I'm not sure how accurate this is, but I've heard it's more like six months from the time a company orders more wafers from a fab (TSMC or Samsung) to the time that product gets on actual retail shelves. Meaning, for Nvidia to have enough RTX 30-series chips to meet demand, it would have had to order those wafers right in the height of the initial COVID-19 lockdowns. Basically, it took a more conservative approach to orders, because the uncertainty of the time made anything else seem crazy. In hindsight, we see that being in lockdown has actually increased demand for computer components and gaming, but that was not at all a given back in March/April/May. It also means that after the initial fast sell out of RTX 3080 in September, if Nvidia ordered a big increase in capacity it will take until February for those chips to hit the shelves.

    Also of note is that GPUs are far more complex -- Nvidia had to order more GDDR6X memory, PCBs, etc. Getting from fab to shelf for CPUs is far easier and could be done in three months.
    Reply
  • TheDane
    This information is useless unless they tell us exactly how many cards were produced and delivered so far. We don't know if they shipped just 10000 or so cards - then of course only a few people would be so lucky as to get one. But if they shipped say +500.000 cards then it is another matter.
    Reply
  • Jake Hall
    I don't feel bad for them
    Reply
  • Chung Leong
    TheDane said:
    This information is useless unless they tell us exactly how many cards were produced and delivered so far. We don't know if they shipped just 10000 or so cards - then of course only a few people would be so lucky as to get one. But if they shipped say +500.000 cards then it is another matter.

    Nvidia's Q3 gaming revenue was $2.27 billion, up 37 percent YoY. Even if you were to assume a rather unrealistic average cost of $1000 per chip, you'd still see well over 2 million chips.
    Reply
  • pixelpusher220
    Except for the ubiquitous overpriced supply on eBay. The problem isn't as much supply, as it's bot/scalpers.
    Reply
  • watzupken
    Nvidia kept blaming high demand as the cause of shortage, but having gone through so many product launches, it should not come as a surprise for them when a next gen graphic card is released, the demand will always be very high. I won't jump to conclusion now. Instead lets take a look at AMD's supply situation. If they are saying that its an industry wide problem, which I believe it is to some extend, then AMD's GPU supply will be just as bad. What I am hearing is that the supply is actually a few times better than the RTX 3080.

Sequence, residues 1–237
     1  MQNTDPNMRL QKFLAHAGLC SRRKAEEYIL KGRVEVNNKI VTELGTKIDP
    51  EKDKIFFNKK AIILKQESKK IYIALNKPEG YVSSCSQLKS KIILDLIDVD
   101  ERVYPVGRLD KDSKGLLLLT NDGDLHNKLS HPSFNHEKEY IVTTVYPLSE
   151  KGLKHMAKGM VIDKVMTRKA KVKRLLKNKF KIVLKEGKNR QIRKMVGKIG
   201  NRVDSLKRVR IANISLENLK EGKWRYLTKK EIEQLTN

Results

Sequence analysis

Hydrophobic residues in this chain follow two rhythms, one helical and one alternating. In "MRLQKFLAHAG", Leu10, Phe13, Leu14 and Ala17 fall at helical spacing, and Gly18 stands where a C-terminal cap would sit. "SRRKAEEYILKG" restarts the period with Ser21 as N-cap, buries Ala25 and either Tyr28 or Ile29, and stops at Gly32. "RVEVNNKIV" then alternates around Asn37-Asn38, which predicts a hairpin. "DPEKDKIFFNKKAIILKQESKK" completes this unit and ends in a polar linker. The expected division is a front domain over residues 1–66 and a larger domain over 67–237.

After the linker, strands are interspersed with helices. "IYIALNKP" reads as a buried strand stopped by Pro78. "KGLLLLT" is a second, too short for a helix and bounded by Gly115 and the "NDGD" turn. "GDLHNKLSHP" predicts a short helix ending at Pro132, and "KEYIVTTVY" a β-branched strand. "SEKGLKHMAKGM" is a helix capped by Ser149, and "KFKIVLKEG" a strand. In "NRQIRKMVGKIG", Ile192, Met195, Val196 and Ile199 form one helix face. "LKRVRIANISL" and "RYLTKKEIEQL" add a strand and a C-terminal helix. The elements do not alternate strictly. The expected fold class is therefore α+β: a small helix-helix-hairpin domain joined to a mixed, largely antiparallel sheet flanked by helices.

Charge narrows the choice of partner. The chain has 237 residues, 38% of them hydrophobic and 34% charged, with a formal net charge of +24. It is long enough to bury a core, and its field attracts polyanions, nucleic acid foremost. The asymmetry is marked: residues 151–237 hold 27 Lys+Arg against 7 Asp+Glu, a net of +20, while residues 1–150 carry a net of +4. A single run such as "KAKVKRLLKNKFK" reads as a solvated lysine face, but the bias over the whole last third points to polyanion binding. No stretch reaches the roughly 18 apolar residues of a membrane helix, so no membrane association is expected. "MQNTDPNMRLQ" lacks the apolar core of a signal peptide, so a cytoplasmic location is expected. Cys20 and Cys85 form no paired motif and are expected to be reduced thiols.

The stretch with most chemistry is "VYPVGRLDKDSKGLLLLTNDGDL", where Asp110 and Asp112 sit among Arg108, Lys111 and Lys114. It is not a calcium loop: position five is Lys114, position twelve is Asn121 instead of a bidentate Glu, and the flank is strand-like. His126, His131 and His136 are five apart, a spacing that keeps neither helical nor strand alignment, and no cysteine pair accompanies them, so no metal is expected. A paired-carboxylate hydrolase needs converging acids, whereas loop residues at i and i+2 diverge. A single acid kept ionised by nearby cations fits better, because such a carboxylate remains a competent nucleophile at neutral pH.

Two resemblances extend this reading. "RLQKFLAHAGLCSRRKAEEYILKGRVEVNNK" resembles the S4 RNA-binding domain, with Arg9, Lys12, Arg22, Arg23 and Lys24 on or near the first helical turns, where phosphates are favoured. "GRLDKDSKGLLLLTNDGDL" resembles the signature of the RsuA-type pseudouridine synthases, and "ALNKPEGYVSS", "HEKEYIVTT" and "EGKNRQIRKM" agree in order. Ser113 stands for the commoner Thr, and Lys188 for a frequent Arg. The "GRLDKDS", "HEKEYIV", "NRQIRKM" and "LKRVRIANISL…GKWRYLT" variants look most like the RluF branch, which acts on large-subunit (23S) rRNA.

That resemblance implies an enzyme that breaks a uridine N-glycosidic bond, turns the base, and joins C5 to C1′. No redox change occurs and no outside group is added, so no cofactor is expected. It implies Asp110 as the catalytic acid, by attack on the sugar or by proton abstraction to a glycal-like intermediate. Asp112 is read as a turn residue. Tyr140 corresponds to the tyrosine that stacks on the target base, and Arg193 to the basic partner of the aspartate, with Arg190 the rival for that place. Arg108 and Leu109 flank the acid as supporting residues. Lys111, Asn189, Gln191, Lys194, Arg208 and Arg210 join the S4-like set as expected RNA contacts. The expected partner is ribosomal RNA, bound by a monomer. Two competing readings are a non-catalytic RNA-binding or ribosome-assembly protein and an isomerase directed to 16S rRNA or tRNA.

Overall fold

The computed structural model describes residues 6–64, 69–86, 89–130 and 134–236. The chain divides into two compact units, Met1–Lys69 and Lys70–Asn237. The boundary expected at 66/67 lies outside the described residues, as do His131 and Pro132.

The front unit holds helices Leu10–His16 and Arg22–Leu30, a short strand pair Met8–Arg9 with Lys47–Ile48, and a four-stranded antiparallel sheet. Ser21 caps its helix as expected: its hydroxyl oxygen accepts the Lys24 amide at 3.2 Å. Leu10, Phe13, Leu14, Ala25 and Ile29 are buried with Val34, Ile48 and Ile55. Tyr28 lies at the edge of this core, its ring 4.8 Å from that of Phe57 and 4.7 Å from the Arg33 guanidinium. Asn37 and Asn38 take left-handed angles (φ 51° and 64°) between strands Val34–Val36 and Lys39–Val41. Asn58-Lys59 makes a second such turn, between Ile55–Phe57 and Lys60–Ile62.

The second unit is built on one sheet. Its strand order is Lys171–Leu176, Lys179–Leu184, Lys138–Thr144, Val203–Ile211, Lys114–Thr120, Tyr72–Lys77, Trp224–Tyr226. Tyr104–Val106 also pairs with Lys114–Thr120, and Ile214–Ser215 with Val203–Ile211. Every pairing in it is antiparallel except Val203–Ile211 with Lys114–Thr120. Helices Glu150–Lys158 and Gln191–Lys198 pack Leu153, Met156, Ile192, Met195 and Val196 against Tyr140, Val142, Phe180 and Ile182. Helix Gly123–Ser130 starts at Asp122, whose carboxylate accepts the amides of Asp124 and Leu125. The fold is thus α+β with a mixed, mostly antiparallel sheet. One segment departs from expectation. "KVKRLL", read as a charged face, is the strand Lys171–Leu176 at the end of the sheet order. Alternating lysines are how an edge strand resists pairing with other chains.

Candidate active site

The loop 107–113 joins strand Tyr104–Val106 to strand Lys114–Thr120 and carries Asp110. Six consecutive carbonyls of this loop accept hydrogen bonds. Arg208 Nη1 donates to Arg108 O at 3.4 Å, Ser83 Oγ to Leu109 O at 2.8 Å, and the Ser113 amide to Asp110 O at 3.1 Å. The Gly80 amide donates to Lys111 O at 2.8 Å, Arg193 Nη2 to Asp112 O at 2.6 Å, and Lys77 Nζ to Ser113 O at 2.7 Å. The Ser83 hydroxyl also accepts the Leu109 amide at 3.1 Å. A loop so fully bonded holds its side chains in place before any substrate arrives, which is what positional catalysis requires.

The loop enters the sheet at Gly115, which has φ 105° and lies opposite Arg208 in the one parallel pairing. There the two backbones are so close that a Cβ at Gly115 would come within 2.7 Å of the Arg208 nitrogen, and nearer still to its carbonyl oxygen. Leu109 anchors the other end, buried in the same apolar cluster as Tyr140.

Reply
  • tomachas
    #jensen3000seriesbrokenoven
    Reply
  • nofanneeded
    Chung Leong said:
    Nvidia's Q3 gaming revenue was $2.27 billion, up 37 percent YoY. Even if you were to assume a rather unrealistic average cost of $1000 per chip, you'd still see well over 2 million chips.

    I dont think so , I think that they are making OEM orders first then the retail next.

    I thinnk that HP , DELL , Lenovo come first for nvidia.

    and OEM pay in advance so it will end up in their revenue as well.
    Reply
  • CorbeauNoir
    Looks like I got exceedingly lucky, I put myself on backorder lists at various retailers for a Gigabyte Vision 3080 on the 4th and I got a notice last night that there's one available for me to pick up. Maybe there's marginally less demand for a card marketed as more workstation-orientated?

    I mean it's going to be hilariously bottlenecked until Ryzens are restocked but I won't look a gift horse in the mouth.
    Reply
  • bigdragon
    I don't want more excuses from Nvidia. I want Nvidia to take shots at Ebay and other scalper havens. There would be plenty of supply for gamers and creators if scalpers were stopped from manipulating the market.
    Reply